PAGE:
Queen's University IRC

Research Briefs – August 2019

Queen's University IRC - Research Briefs

   Bringing Practitioner-Focused Research to People Management Practitioners

Aug 2019   

 

 
 

In This Issue…

  1. From HR Practitioner to HR Leader: Competencies Required
  2. Active Curiosity in the Coaching Process
  3. Flashback Feature:
    The Changing Role of the Neutral in Dispute Resolution
  Queen's University Campus 
 

From HR Practitioner to HR Leader: Competencies Required
Dr. Carol A. Beatty, Queen’s IRC, 2019

You have your CHRP designation. Now as you begin to climb the ladder to success, what else must you learn to advance your career? One start is to develop the competencies you will need to become a true HR leader. But here the confusion begins. There are many different competencies and competency models proposed by various academics and associations. If you cannot determine with confidence which to trust, how can you decide where to invest your time, money and development efforts?

This article aims to reduce the confusion as much as possible in order to make your decisions easier. Let’s begin by sampling the most important academic research into HR competencies.

>> Download Article

>> Please watch for an invitation to participate in our upcoming State of HR in Canada Survey.
 

Active Curiosity in the Coaching Process
Ross Roxburgh, Queen's IRC Facilitator, 2019

Coaching skills are enhanced and potentially of greater value to the client if informed by an actively curious mindset. In turn, a curious client can increase self-awareness, discover areas in which they can be even more effective and try new approaches and behaviours which will align intention more closely with desired outcomes. Conversations between two curious individuals, client and coach, can raise discussions to becoming part of an exciting and valuable ‘learning community’.

A further positive outcome of an actively-curious approach is the opportunity it provides to both client and coach to see connections that might not otherwise be surfaced. Clients will invariably know whether the connections are relevant and how they might inform their development and/or provide important insights where they are focused on better alignment between intention and actual impact.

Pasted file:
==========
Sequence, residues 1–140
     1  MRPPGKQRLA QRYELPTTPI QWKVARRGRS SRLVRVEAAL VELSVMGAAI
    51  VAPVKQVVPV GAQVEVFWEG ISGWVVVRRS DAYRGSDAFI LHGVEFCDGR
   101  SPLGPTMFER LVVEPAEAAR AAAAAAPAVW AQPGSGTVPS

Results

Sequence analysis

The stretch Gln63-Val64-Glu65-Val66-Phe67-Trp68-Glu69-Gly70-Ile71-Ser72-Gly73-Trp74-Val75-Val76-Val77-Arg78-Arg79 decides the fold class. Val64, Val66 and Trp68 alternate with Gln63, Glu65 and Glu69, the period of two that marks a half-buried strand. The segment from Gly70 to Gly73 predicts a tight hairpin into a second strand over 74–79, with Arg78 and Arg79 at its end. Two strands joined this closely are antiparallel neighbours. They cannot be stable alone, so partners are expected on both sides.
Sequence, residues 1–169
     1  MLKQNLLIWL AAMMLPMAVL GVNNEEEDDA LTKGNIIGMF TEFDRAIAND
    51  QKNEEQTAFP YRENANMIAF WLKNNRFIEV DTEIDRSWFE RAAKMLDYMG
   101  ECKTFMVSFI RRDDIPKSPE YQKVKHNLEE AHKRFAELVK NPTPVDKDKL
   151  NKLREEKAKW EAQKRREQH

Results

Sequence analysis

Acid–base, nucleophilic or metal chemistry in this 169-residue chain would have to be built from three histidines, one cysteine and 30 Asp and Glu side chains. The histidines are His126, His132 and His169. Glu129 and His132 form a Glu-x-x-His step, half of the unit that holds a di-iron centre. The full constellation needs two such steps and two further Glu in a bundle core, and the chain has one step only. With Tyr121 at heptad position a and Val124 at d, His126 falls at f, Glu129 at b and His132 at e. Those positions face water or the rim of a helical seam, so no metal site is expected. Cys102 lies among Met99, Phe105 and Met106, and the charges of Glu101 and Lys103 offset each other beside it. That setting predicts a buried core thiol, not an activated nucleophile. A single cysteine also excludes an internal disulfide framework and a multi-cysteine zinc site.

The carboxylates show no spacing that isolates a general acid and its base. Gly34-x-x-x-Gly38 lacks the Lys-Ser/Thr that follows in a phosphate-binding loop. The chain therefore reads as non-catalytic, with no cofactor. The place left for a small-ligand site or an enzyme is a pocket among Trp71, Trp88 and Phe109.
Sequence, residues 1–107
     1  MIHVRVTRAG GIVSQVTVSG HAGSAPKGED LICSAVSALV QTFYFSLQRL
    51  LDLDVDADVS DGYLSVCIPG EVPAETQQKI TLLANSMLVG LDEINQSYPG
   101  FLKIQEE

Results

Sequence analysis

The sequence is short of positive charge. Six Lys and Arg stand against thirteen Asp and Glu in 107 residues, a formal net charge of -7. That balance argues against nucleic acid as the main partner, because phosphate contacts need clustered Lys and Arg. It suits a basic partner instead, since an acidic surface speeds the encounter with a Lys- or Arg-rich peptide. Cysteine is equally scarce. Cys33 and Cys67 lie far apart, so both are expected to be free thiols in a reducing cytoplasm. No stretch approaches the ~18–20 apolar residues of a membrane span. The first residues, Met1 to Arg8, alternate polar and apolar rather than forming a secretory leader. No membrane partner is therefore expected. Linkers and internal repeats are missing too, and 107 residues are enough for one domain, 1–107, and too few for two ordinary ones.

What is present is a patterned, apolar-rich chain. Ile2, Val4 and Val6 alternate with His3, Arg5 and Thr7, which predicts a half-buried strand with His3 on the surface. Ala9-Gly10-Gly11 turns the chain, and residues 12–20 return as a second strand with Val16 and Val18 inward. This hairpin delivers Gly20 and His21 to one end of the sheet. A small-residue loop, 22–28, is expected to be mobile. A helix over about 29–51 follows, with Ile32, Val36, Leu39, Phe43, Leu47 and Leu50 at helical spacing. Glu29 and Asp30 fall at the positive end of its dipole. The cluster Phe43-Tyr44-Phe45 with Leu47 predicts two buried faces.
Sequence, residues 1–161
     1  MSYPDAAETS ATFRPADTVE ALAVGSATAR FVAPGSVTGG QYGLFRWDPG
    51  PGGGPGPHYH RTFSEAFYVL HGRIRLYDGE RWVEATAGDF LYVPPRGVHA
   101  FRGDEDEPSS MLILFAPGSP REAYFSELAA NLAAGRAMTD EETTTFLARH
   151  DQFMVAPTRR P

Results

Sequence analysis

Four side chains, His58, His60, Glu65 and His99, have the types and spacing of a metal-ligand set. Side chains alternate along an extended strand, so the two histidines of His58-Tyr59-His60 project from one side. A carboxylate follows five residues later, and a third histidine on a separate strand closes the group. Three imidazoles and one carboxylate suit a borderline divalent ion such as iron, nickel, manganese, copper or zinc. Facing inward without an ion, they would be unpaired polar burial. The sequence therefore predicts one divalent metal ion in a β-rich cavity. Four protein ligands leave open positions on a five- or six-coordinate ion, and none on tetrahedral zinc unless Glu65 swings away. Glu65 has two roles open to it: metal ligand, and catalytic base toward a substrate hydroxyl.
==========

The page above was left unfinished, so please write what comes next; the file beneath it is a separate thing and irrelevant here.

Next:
Real examples of both the coach being curious and the client being actively curious are a key part of this piece along with some observations of when over-reliance on curiosity may be less-helpful to both client and coach.

>> Download Article
 

Flashback Feature:
The Changing Role of the Neutral in Dispute Resolution
The Honorable Mr. Justice George W. Adams, 1997

We are in a period of profound change. The combination of new technology, global trade and recurring recessions has resulted in the demise of many Canadian workplaces and the restructuring and re-engineering of many others. Today's watchwords have become 'flexibility' and 'competitiveness.' There have been many casualties. Older workers who have lost their jobs have not easily found alternative employment. Where work has been found, it is seldom comparable in content or remuneration to what was lost. Younger workers have also been adversely affected. Caught by surprise, they too often lack the skills required in the new economy. They therefore find themselves lining up to apply for the fewer assembly and unskilled jobs that remain or for work in the service sector which pays considerably less and for which they must compete with their elders who are now unemployed. Increased structural unemployment in the double digit range has been the result.

The public sector has not escaped these changes. The money markets have refused to support the rising public indebtedness in Canada and governments at all levels have been forced to scale back expenditures. Because most of these costs are wage costs, employees have had to be shed and new technology adopted where practical.

Collective bargaining has been caught in the middle. It is attacked as a barrier to change when trade unions fight to resist what they view as ill-considered initiatives by management held hostage by investors and financial institutions. Unions are political as well as social and economic institutions. Giving up benefits others fought hard to win is a challenging political exercise. Many union leaders do not see their role as helping workers walk backwards. On the other hand, Canadian employers are subject to unforgiveable market forces. The issue for them is also one of survival. Where wages are a significant portion of total costs, down-sizing, outsourcing, and restructuring are obvious steps within an employer's control. Other initiatives require union cooperation, take time and require disclosure and sharing of information. With bankers, investors, and parent companies looking for immediate change, unilateral initiatives have a certain appeal.

>> Download Article

 

 

 

 

 

 

 

 

 

 

   

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